In the article, Karen Hayes, DVM, notes that ammonia is a caustic gas.  “Besides just being unpleasant in a barn, ammonia gas burns the delicate tissues of the respiratory tract and the eyes and increases mucus production.”


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From:  Equine Wellness May/June 2007 Issue (Article by Peter Moon “Composting turns manure into gold)

Per Karen Hayes, DVM quoted in Article that, “A l,l00 pound horses passes manure on average, seven to ten times per day, adding up to a total daily output of about fifty pounds.  A small operation housing only ten horses accumulates almost seven tons of manure in just one month.”


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From:  Western Horseman Feb. 2004 (Article by Dwight G. Bennett, D.V.M, Ph.D.)

IAD can be brought on by noxious gases (namely, ammonia)
IAD can progress to heaves
IAD is curable if caught and treated early on
Heaves is a permanent condition
Racehorses w/IAD often “fade at the quarter-pole”
32% of horses w/IAD ever cough and yet 85% of coughing horses have IAD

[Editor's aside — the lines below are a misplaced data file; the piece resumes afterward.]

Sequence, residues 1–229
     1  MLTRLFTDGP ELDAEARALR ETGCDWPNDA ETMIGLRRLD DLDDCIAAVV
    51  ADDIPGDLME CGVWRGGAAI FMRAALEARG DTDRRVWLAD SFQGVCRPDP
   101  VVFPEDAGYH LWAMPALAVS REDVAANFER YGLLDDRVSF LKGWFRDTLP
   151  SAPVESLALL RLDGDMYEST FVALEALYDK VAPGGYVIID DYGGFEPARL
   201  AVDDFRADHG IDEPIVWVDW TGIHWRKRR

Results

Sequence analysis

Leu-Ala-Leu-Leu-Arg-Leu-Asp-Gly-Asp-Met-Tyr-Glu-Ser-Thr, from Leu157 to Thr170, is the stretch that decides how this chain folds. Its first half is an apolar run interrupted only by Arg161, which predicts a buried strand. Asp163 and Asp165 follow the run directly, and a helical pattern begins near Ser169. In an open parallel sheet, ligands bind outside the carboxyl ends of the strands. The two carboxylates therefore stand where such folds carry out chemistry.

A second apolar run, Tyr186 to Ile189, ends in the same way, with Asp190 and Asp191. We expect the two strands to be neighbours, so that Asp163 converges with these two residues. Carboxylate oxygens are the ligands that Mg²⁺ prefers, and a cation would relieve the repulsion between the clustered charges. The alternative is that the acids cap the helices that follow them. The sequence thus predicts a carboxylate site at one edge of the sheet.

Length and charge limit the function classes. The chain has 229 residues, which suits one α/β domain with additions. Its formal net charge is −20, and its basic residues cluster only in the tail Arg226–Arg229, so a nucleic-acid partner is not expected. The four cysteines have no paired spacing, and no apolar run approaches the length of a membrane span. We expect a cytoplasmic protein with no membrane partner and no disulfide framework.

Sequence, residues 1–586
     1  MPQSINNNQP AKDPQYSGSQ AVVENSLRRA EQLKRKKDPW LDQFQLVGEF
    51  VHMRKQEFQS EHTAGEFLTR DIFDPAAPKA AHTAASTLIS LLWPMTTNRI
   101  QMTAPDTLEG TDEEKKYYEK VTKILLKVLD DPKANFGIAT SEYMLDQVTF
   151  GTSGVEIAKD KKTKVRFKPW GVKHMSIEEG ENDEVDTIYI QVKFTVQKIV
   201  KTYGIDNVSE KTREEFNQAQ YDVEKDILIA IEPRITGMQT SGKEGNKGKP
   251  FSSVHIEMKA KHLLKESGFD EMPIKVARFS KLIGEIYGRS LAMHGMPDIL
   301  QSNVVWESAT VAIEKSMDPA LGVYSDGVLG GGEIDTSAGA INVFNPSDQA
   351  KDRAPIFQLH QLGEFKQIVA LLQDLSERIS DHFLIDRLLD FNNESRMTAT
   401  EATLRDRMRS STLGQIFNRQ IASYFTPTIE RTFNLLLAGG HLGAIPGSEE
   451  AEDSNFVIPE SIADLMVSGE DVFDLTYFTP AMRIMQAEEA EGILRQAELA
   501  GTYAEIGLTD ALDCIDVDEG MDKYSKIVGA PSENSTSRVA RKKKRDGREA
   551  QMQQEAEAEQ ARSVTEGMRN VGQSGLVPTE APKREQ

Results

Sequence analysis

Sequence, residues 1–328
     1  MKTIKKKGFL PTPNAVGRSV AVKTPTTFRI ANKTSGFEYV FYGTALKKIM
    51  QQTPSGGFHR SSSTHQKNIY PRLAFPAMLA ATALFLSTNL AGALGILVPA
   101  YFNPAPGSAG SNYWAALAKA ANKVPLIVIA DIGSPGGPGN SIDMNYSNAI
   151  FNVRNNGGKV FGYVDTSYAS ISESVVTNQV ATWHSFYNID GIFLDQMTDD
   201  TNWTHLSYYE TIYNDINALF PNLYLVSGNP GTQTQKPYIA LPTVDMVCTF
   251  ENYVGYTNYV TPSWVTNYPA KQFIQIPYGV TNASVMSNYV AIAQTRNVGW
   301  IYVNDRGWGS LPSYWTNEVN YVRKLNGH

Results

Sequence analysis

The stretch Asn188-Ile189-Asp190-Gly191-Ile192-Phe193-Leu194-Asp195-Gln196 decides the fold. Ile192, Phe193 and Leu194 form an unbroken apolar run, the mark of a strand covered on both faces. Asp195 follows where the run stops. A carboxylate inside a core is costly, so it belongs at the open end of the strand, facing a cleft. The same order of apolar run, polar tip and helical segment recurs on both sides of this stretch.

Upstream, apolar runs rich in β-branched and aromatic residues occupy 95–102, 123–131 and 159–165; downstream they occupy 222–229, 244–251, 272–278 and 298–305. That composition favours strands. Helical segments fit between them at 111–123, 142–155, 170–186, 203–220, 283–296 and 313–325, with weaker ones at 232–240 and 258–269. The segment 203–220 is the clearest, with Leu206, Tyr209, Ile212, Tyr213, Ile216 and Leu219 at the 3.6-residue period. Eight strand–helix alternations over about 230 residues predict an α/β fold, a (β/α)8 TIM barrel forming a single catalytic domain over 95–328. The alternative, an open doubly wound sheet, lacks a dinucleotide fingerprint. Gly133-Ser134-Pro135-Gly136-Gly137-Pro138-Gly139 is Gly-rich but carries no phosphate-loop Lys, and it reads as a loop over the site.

Environmental management is the most important aspect of heaves and IAD treatment.
It’s safe to say that horses kept on pasture all the time will not develop heaves
Most of the affected horses are over 5 years old
IAD recovery time is 7-22 days (that’s a lot of lost training time and $$)
Heave flare-ups can be expected for the rest of the affected horses life


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From:  Equus March 2004 (Article by Christine Barakat)

Thoroughbreds are the breed most at risk of RAO (which was formerly referred to as COPD, which is better known as Heaves); having three times a greater chance of developing RAO.  This might be a result of how these horses being kept indoors for a much greater amount of time.
RAO seems to be affected by the season of the year.  Horses were more likely to be diagnosed with RAO in the winter and spring than in the summer.  Probably due to more of them being stalled indoors in these seasons.